E.C. Gaston Steam Plant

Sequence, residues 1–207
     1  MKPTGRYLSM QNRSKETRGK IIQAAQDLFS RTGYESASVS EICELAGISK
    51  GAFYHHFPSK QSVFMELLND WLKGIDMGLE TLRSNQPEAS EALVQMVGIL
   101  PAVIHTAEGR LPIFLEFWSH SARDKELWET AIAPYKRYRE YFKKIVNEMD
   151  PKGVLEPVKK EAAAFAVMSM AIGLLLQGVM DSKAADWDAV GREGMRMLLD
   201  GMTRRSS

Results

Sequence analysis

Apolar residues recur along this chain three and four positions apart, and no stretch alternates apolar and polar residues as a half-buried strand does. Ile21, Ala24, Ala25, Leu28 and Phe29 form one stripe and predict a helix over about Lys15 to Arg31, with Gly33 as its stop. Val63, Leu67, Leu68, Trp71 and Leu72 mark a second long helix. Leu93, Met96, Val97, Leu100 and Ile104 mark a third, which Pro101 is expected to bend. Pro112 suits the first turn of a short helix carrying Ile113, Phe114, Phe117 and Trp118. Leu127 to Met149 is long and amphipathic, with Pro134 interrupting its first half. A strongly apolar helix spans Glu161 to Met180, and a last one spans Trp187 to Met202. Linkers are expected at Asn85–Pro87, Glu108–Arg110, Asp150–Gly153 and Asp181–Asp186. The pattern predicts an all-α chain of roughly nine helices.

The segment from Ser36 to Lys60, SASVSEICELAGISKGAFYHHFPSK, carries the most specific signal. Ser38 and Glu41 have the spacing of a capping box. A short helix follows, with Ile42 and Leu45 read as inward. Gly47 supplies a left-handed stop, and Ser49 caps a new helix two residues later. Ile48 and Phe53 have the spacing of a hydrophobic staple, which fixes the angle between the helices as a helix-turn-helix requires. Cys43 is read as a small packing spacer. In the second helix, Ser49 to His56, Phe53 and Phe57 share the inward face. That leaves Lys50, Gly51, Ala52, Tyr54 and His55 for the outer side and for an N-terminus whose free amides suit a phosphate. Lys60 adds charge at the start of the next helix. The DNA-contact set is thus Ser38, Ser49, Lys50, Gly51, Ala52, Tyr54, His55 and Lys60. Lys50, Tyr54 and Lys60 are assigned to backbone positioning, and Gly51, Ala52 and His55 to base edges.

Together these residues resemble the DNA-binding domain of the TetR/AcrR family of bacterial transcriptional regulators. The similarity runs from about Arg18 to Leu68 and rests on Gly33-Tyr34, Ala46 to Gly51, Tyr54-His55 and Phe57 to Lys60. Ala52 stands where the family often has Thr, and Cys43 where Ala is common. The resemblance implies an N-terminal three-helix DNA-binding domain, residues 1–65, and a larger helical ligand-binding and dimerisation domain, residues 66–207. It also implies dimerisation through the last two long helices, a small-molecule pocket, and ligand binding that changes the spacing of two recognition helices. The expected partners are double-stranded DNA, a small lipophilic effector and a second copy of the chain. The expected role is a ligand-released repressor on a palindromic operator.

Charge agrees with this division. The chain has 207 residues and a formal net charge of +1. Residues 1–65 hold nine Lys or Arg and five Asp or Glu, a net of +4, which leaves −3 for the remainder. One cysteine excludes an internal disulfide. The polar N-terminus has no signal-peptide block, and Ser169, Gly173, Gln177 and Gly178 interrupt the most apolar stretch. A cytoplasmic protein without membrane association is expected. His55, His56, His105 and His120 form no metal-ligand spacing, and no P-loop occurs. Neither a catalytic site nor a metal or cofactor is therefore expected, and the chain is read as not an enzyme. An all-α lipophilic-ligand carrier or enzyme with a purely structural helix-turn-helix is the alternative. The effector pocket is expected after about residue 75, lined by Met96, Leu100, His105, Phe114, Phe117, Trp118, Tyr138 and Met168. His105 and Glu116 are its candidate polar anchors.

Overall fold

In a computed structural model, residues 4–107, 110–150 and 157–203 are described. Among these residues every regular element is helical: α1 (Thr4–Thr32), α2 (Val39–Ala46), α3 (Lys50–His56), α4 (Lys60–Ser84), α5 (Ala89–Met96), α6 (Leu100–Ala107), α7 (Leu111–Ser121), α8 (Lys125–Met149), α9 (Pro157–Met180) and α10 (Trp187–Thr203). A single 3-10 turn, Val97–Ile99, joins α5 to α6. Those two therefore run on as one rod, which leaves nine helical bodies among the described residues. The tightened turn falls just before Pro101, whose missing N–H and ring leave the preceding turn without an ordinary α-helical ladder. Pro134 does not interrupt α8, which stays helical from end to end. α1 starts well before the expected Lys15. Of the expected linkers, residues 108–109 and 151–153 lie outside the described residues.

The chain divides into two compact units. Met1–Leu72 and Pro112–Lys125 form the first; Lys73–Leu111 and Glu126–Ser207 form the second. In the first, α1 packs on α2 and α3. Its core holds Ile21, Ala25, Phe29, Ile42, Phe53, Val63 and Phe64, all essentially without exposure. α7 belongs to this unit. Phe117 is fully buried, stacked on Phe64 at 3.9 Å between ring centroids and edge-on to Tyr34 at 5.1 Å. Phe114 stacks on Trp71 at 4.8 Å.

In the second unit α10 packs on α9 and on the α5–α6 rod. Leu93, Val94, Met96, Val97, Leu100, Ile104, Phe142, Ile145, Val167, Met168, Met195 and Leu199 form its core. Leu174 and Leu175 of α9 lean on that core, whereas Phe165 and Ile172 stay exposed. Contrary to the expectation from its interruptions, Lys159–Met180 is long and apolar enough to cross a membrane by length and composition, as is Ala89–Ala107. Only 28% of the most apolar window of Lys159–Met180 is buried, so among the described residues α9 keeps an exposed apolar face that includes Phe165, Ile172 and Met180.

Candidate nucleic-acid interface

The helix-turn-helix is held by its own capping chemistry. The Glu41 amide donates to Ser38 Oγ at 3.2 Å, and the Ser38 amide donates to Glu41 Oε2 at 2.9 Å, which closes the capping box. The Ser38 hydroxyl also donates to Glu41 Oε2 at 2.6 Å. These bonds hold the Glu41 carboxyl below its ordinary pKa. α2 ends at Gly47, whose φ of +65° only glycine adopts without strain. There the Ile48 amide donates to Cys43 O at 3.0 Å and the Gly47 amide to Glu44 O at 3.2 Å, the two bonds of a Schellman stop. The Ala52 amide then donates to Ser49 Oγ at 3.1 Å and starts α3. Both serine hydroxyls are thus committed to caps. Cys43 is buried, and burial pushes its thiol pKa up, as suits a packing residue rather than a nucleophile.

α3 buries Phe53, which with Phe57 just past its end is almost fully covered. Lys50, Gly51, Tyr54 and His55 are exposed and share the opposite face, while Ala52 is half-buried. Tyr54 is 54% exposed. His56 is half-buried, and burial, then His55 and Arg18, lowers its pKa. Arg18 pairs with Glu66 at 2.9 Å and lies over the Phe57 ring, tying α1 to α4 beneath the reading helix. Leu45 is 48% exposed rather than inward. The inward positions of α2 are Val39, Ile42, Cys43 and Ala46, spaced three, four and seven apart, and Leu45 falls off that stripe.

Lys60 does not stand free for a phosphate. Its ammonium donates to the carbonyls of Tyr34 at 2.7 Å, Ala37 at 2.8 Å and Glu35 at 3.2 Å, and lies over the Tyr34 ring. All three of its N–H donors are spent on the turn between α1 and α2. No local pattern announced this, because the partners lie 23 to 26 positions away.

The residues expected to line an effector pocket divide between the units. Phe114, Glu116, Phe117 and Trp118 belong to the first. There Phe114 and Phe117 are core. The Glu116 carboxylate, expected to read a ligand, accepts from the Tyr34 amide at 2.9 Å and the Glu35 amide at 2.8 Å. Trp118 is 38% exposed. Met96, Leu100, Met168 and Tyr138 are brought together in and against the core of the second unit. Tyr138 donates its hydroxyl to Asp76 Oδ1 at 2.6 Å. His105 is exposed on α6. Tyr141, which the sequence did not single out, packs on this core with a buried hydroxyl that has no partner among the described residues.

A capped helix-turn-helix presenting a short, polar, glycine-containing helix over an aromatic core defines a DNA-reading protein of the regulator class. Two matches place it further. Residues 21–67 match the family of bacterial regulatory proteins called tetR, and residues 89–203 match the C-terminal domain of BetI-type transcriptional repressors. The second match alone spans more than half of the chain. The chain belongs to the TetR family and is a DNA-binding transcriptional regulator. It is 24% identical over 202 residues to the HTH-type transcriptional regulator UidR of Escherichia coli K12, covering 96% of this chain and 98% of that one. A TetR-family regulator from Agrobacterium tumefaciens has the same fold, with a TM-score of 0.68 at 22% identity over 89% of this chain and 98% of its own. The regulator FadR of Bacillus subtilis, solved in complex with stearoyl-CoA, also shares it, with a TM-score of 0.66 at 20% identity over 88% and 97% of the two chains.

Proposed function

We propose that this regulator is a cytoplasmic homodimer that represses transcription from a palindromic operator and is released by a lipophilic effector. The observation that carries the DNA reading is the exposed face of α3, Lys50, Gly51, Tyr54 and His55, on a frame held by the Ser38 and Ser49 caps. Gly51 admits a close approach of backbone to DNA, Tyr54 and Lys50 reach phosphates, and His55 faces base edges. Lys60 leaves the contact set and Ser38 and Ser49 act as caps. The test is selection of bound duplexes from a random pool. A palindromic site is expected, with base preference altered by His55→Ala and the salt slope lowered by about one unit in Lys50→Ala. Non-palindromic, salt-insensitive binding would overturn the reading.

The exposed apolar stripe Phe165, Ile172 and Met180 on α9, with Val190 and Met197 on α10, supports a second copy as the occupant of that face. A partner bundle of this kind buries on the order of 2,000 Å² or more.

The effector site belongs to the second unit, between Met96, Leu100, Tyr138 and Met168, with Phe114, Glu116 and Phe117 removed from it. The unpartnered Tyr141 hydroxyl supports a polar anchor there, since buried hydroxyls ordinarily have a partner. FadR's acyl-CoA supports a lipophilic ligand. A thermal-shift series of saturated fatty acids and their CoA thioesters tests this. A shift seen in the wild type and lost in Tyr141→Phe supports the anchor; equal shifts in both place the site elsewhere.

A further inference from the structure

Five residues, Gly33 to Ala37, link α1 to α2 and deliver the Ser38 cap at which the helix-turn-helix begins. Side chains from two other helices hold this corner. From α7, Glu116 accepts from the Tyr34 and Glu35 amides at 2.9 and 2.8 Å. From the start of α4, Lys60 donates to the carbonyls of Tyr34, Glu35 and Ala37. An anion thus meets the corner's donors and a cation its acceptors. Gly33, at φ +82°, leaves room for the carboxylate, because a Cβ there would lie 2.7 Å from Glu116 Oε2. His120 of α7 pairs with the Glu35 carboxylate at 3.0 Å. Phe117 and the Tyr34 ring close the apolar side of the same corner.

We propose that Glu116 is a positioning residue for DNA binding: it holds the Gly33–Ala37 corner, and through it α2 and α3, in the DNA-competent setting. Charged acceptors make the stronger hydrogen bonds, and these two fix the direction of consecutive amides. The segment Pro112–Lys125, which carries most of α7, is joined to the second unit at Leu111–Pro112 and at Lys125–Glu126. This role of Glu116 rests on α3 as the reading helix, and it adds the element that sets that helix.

The E.C. Gaston Steam Plant has been in operation for over 50 years near Wilsonville, Alabama in Shelby County. The first two units began producing in 1960, and three more units followed as demand increased. Today the combined output of the five units is 1,880 megawatts. Two of the five units run on maxDNA Distributed Control Systems, while two more run on MAX1000, D level Distributed Control Systems. Eventually the goal is to have units 1 thru 4 operating on maxDNA so that the technology level for the first four units is the same. MaxDNA is the most current automation system, so upgrading the two units on MAX1000 will bring them up to current technology standards. The benefit of like technology among the units is that there are savings in the maintenance of the units, as well as having to only stock spare parts for one type of technology rather than two. Employees also need to be trained on only one type of technology, which could result in a savings of man hours. The first two units are Babcock & Wilcox (B&W) coal-fired, with 18 opposed burners. These two units each produce 1,700,000 pounds of steam per hour, which in turn is turned into electricity. Coal is pulverized before being supplied to the furnace. The pulverizing process is done by B&W Type EL Pulverizer mills. Feedwater, which is converted into steam, is provided by three motor-driven boiler feed pumps. Each pump has a hydraulic coupling, which controls the rate of the water flow. The maxDNA DCS’s monitor performs several functions, including data acquisition, data links to other balance-of-plant systems, boiler safety and burner management, boiler-turbine control, and soot blower sequential control. The upgrade for the two outdated units is being delivered as a turnkey control system, so that downtime will be minimal. The control system includes backup power (UPS), equipment housing, and a control room. To make the transition to the new system as smooth as possible, the operators were involved in the system design and implementation of the data acquisition screens. Over 200 display screens were configured as part of this new system. Despite these improvements to the equipment used in this power plant, materials likely used to construct the facility itself remain a potential threat. In fact, the Environmental Protection Agency’s Toxic Release Inventory ranked this plant at number 14 in terms of coal waste. Other materials this plant might have released in large quantities is asbestos, which was used to provide insulation in these structures. Although an effective protective additive to reinforce insulation against heat, fire and chemicals, asbestos also poses significant health risks when humans come into contact with it, leading to the development of diseases like asbestosis and mesothelioma. References: